• Gladioli: The lovely flowers of the vertical-growing gladiolus, which is sometimes referred to as the “sword lily,” are available in yellow, peach, pink, white, and other hues. These bulb-based plants can last up to two weeks after being cut and add variety and texture to floral displays.

Although advice varies on how to keep cut flowers fresh the longest, veteran florist Nic Faitos, senior partner at Starbright Floral Design in New York, who has provided his floral expertise for Reader’s Digest, says the best approach is to keep vase water clean. In addition, ProFlowers suggests keeping cut blooms in a cool room away from direct sunlight and heat.

Go Green When Spending Time Outdoors This Summer

The great outdoors beckons people year-round. But nature is especially enticing in summer, when warm weather compels people to leave their couches and soak up some sun. Spending time outdoors is rewarding, and it can be even more so when men and women take steps to make their outdoor recreation as eco-friendly as possible. Whether it’s choosing certain activities or taking other measures, there are various ways to go green when spending time outdoors this summer and beyond.

Leave the car at home.

Americans and Canadians consume more gasoline per capita than any people in the world. According to data from the U.S. Energy Information Administration and the United Nations, Americans consume 4.39 liters of gasoline per capita each day, while Canadians consume 3.62 liters per capita each day. In lieu of driving everywhere this summer, men and women who want to be more mindful of the environment can leave their cars home more frequently. Rather than driving the family to a nearby ice cream stand, walk or bike there instead. Run as many errands on foot or on a bicycle as possible. Walking or cycling is a great way to get some time outdoors on warm summer days, and reducing fuel consumption is an equally great way to help the planet.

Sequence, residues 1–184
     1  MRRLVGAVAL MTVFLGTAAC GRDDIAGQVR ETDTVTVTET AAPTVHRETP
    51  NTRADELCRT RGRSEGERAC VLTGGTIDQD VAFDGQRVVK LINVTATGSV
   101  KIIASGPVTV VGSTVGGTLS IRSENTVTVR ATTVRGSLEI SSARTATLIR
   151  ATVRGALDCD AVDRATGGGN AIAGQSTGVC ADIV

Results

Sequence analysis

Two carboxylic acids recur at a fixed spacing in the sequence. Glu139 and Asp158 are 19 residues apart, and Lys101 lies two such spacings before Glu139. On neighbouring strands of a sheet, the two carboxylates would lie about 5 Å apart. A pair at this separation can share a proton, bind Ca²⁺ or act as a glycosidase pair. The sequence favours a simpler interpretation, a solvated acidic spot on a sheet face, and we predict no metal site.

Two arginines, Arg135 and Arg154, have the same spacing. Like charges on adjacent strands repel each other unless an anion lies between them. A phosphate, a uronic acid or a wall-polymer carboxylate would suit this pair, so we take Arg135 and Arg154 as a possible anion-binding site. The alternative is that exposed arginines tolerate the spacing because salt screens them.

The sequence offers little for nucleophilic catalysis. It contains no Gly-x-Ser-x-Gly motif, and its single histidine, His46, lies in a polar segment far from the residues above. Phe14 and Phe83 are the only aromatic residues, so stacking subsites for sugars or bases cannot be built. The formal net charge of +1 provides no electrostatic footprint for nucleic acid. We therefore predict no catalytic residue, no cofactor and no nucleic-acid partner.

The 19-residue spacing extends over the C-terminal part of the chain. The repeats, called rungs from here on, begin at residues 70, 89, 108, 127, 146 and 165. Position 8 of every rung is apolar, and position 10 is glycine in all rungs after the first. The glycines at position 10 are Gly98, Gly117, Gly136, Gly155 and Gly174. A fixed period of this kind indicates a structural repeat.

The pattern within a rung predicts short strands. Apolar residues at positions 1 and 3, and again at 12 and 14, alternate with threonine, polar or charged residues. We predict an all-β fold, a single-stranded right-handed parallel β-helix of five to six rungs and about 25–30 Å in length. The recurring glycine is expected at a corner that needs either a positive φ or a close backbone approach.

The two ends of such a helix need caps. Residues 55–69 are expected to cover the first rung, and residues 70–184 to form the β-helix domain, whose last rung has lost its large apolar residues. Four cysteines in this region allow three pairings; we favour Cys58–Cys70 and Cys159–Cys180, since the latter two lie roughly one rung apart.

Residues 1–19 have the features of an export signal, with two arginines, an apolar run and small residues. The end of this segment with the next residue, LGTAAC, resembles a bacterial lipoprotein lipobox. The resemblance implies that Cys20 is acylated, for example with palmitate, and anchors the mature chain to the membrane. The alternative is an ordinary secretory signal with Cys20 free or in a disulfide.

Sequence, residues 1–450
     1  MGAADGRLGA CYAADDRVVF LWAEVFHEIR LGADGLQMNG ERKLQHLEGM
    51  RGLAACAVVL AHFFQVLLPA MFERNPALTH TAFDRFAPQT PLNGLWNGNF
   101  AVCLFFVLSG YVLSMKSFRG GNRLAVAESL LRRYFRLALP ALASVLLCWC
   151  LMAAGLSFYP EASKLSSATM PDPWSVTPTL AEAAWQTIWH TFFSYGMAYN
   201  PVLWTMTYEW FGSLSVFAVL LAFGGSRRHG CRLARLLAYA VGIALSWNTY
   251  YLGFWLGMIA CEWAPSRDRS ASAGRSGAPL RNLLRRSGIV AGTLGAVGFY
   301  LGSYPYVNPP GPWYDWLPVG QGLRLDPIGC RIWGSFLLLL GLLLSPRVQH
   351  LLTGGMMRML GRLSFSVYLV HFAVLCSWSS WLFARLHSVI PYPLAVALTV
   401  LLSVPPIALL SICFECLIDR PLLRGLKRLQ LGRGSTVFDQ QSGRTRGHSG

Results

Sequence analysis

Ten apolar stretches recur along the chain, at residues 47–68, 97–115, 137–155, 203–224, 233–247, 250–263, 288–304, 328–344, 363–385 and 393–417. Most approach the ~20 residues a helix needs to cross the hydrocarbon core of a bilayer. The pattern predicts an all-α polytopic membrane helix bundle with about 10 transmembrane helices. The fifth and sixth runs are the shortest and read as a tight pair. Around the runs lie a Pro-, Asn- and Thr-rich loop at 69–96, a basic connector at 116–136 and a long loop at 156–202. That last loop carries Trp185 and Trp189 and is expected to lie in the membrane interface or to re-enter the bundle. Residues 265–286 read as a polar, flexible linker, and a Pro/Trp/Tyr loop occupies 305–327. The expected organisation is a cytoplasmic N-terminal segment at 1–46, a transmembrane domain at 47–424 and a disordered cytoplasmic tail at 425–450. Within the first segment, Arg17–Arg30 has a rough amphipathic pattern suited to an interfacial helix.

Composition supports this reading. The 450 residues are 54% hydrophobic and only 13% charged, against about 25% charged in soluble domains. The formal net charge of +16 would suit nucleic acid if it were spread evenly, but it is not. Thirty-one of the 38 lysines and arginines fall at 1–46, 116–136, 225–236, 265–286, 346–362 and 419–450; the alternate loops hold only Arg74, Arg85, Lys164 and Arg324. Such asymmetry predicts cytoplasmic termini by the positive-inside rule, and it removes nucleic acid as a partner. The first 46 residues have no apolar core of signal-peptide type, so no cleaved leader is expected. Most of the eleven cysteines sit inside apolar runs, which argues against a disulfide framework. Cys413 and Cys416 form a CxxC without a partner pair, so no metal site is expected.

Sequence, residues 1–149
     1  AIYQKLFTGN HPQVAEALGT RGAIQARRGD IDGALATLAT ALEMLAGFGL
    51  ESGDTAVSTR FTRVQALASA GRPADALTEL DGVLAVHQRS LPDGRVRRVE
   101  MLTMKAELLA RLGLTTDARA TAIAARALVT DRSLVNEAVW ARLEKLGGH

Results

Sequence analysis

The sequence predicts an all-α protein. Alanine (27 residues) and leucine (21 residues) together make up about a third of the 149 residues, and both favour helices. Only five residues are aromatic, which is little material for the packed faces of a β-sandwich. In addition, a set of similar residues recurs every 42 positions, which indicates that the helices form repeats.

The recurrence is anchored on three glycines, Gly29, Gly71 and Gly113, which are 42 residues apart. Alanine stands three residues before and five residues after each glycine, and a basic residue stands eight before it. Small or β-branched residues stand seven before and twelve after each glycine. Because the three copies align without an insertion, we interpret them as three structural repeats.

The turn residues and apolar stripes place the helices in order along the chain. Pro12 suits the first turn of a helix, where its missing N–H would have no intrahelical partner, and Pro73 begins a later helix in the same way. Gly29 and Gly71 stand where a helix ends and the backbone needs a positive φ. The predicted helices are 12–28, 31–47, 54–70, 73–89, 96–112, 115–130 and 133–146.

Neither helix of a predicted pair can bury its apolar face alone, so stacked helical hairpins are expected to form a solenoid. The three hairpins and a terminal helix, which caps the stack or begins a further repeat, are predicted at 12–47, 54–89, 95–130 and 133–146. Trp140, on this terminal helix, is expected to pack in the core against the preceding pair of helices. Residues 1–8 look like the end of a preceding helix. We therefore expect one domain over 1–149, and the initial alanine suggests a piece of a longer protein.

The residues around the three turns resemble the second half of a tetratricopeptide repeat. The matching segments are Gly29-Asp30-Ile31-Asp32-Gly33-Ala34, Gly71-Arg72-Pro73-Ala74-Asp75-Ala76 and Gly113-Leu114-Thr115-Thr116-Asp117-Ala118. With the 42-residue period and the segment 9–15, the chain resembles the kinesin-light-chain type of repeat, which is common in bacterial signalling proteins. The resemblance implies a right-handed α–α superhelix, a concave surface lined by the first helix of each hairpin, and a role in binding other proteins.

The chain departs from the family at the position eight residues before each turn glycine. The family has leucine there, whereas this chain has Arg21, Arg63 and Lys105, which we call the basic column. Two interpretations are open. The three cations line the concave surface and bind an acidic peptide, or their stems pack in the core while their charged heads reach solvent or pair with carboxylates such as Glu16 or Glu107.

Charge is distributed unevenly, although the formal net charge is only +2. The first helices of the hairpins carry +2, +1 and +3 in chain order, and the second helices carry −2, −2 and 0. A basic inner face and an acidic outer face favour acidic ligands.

Vacation locally.

Another way to help the planet when spending time outdoors this summer is to vacation locally. People who vacation close to home typically do not fly, and that’s a significant benefit to the planet. The Intergovernmental Panel on Climate Change notes that aviation emissions release black carbon, nitrous oxide and sulphur oxide, which contribute to the greenhouse gas effect. And while the EIA notes that automobiles and airplanes produce relatively similar amounts of carbon dioxide per gallon, airplanes burn considerably more fuel than cars, thanks in large part to the considerable amount of fuel planes burn on the runway. By vacationing locally, outdoor enthusiasts can reduce their reliance on airplanes, thereby reducing the effects those airplanes have on the environment.

Embrace eco-friendly activities.

Various activities, from organic gardening to planting trees to beach cleanups, provide a great way to get outdoors and help the planet at the same time. Men and women who grow their own vegetables can take solace knowing that the vegetables they’re eating each night did not require the depletion of any natural resources to go from garden to table. Signing up for beach cleanups can prevent trash, including harmful plastics, from making its way into the world’s oceans, and such cleanups provide a great excuse to go to the beach.

Volunteer with a local park service.

The National Park Service offers a variety of volunteer opportunities to individuals who are enamored with the great outdoors and are interested in protecting their local and national parks. Such opportunities can be explored by visiting www.nps.gov/getinvolved/volunteer.htm. Parks Canada (www.pc.gc.ca) offers similar opportunities to outdoor enthusiasts.

Outdoor enthusiasts can make their summers more rewarding by taking steps to be as eco-friendly as possible when spending time outdoors.